Indiana’s governor-elect—much like America’s president-elect—is coming into office with little experience in governing. Donald Trump’s foray was in the business world and reality TV and Eric Holcomb spent most of his life serving the Republican Party.
Before being tapped by Gov. Mike Pence to be lieutenant governor, Holcomb had mostly functioned in the background serving as advisor to former Gov. Mitch Daniels and Chief of Staff to U.S. Senator Dan Coats. Prior to working for Coats, Holcomb did a brief stint as the chairman of the Indiana Republican Party, and later when Coats decided not to run for re-election, Holcomb announced his intention to run.
However, his campaign was short-lived when Pence selected him to fill the remainder of Lieutenant Governor Sue Ellspermann’s term after she resigned to become head of Ivy Tech Community College.
Holcomb was elected in a GOP sweep that will give him a Republican majority in both houses of the Indiana State Legislature. Although the new governor has yet to spell out his agenda, observers believe that he will not stray far from the one established by his predecessors Daniels and Pence.
While having visited Northwest Indiana earlier in the year, Holcomb, unlike Pence who visited Gary on several occasions did not make any stops in the urban areas.
Rep. Charlie Brown, like many of his fellow legislators, has never met Holcomb and is not sure as to what to expect. “I don’t know anything about him; in fact, if we were walking down the same street, I wouldn’t be able to recognize him,” said Brown. “I wouldn’t be surprised if (he) follows the Daniels –Pence playbook.”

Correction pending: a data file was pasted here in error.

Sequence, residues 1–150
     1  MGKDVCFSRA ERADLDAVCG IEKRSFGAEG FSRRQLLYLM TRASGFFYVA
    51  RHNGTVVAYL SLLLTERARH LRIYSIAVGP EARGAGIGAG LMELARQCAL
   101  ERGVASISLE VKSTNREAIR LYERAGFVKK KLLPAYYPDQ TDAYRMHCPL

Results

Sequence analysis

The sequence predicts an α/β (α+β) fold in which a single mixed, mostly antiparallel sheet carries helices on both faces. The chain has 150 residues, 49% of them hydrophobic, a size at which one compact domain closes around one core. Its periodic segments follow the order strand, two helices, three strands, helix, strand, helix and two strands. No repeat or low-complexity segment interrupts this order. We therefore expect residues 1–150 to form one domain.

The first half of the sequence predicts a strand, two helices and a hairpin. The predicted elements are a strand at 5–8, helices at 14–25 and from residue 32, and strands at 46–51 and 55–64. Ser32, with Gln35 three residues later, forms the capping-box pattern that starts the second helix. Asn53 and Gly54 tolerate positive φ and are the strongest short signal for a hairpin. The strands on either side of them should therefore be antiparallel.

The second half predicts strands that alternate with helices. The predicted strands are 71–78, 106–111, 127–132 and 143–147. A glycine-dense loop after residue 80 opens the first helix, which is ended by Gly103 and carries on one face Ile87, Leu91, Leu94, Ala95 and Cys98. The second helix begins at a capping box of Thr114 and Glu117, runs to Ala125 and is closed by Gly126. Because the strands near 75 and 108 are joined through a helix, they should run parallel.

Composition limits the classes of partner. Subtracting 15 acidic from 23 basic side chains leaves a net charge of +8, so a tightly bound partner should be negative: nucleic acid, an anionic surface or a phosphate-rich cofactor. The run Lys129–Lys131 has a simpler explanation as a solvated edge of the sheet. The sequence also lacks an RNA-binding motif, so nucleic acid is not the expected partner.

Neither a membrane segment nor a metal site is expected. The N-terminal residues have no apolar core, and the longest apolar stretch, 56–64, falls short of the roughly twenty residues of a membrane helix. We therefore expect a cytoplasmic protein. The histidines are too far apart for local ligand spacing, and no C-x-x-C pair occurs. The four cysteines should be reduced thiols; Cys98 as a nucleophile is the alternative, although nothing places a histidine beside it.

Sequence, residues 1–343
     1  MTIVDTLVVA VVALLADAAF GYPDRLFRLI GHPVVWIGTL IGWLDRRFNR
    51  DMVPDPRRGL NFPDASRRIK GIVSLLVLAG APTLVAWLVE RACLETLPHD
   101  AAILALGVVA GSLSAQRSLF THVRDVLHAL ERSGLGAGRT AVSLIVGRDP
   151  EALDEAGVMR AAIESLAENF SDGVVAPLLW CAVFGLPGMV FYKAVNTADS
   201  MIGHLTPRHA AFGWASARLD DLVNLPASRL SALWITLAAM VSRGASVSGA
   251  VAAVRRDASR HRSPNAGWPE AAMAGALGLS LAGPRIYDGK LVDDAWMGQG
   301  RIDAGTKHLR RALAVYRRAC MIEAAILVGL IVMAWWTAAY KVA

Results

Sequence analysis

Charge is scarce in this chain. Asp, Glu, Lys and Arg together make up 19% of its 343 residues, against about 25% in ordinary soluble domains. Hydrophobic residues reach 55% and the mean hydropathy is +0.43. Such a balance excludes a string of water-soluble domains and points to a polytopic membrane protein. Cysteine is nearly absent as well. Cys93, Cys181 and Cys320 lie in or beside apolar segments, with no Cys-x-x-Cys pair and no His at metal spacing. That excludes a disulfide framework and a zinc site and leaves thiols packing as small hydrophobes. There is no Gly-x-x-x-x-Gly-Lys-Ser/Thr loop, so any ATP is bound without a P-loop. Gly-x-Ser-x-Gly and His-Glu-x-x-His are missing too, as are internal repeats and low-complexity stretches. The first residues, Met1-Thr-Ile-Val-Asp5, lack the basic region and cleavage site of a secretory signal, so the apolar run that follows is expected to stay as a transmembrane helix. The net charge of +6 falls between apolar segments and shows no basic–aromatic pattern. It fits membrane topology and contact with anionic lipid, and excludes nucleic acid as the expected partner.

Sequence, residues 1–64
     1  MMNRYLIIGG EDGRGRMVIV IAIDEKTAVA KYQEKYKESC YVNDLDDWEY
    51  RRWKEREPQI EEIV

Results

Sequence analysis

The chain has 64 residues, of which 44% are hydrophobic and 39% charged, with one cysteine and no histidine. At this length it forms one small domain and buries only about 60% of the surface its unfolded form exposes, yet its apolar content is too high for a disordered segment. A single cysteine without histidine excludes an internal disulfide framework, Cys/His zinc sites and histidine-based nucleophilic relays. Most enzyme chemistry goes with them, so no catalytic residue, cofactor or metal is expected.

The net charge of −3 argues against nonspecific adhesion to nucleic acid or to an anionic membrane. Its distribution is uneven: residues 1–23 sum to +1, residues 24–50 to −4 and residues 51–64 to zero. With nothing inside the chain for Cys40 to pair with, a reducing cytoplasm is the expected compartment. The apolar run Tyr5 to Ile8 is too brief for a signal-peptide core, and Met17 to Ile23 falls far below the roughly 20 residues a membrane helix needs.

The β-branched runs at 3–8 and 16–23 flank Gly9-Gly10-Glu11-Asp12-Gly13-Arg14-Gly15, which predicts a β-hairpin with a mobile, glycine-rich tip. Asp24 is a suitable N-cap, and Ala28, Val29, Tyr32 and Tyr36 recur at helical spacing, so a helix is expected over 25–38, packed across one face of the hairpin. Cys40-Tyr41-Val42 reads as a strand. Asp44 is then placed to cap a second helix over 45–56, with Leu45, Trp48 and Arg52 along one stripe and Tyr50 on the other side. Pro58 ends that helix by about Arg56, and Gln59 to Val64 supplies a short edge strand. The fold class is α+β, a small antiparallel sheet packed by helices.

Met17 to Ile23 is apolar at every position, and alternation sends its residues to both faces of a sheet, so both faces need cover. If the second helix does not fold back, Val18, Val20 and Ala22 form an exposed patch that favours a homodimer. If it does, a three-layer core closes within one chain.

Democratic mayors and legislatures are taking a wait-and-see approach to the new administration. Local Democratic officials plan to meet this month to craft their legislative agenda and are hoping that many of the plans will receive partisan support.
One of the major issues on the agenda is the plight of the Gary Community School Corporation. Brown said finding a workable solution to save the Gary schools should be a top priority.
Finding that solution has been a little harder now that the delegation will be dealing with the new head of the state’s Department of Education. Democrat Glenda Ritz, who was seen as an ally of the Gary schools, lost her bid for re-election to Republican Jennifer McCormick. During her campaign, McCormick struck a purely partisan note maintaining that she could work better with a Republican legislature.
Newly-elected State Senator Eddie Melton will no doubt be leading the coalition to work with state officials in resolving the current crisis. Prior to being elected, Melton served on the Indiana State Board of Education and will play a major role in crafting the plan.
“I see my role as being a voice downstate to articulate arrive at the state where we are and the need to get on the right track and partnering with local stakeholders to create a district to accommodate the students and help to revive the district,” said Melton.